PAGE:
You’re probably used to always checking the size you’re passing to
malloc to make sure it’s greater than zero. But have you wandered what happens if you do
The C bible (a.k.a. the standard) says something like this in section 7.20.3:
If the size of the space requested is zero, the behavior is implementation defined: either a null pointer is returned, or the behavior is as if the size were some nonzero value, except that the returned pointer shall not be used to access an object.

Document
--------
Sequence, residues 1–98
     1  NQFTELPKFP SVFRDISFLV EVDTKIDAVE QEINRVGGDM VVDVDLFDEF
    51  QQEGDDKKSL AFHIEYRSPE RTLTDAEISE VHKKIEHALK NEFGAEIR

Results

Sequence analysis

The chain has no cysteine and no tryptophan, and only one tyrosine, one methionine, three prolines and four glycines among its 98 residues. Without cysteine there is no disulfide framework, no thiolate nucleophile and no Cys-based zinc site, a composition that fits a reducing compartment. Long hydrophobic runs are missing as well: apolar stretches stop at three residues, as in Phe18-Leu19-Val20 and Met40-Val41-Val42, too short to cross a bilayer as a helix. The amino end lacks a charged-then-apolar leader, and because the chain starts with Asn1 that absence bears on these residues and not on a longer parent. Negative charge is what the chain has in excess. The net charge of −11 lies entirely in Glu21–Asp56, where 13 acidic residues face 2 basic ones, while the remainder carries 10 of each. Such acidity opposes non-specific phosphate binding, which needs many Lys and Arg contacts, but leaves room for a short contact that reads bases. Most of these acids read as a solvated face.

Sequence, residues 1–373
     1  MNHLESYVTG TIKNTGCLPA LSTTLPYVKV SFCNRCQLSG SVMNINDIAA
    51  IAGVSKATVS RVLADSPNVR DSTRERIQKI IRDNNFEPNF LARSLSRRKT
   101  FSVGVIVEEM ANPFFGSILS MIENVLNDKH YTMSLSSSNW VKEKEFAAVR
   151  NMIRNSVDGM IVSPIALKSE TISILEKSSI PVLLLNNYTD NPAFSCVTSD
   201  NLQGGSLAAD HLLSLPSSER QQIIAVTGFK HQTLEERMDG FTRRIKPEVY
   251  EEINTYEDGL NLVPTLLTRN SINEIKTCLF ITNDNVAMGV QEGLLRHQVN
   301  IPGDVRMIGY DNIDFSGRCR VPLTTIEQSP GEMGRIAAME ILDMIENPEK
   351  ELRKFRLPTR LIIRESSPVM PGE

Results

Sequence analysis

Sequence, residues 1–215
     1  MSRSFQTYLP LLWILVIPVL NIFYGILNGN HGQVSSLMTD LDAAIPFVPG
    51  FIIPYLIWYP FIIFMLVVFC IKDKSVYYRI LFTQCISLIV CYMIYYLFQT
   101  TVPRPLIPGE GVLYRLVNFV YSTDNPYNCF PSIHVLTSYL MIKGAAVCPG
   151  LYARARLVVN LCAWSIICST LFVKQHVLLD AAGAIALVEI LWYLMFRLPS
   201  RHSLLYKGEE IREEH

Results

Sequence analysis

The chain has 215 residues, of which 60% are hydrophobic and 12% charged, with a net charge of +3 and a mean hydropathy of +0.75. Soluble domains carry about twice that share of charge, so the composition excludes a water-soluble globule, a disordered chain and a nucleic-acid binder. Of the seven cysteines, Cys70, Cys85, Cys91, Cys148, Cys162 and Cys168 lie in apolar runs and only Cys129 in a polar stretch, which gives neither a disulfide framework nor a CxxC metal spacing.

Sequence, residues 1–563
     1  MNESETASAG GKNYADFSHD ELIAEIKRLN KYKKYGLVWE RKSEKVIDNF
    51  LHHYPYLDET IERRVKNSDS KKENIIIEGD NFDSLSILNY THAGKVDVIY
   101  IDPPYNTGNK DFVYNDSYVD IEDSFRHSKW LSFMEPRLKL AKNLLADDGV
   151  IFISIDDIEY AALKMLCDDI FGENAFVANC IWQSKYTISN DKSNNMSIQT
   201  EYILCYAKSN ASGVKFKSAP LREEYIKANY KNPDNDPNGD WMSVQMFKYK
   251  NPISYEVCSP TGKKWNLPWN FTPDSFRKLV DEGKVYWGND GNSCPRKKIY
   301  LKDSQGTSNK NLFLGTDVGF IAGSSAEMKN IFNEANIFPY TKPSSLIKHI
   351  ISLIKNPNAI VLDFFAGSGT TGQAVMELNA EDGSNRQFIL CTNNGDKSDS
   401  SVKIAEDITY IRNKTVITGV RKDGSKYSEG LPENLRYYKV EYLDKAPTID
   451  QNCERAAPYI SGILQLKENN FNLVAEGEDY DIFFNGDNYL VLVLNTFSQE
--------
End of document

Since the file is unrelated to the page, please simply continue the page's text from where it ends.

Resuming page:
You can try on your preferred compiler and see how it behaves.
I personally adhere to the second variant, returning a non-null pointer to a block of memory of size zero, for reasons like:
- a return value of
mallocusually signifies some sort of error has occurred; calling
mallocwith a zero size is not actually an error.
NULLin this special case would probably mean a new test done on each and every allocation, even though the cases in which the parameter is actually zero are most likely incredibly rare; so not doing this might be a (small) optimization.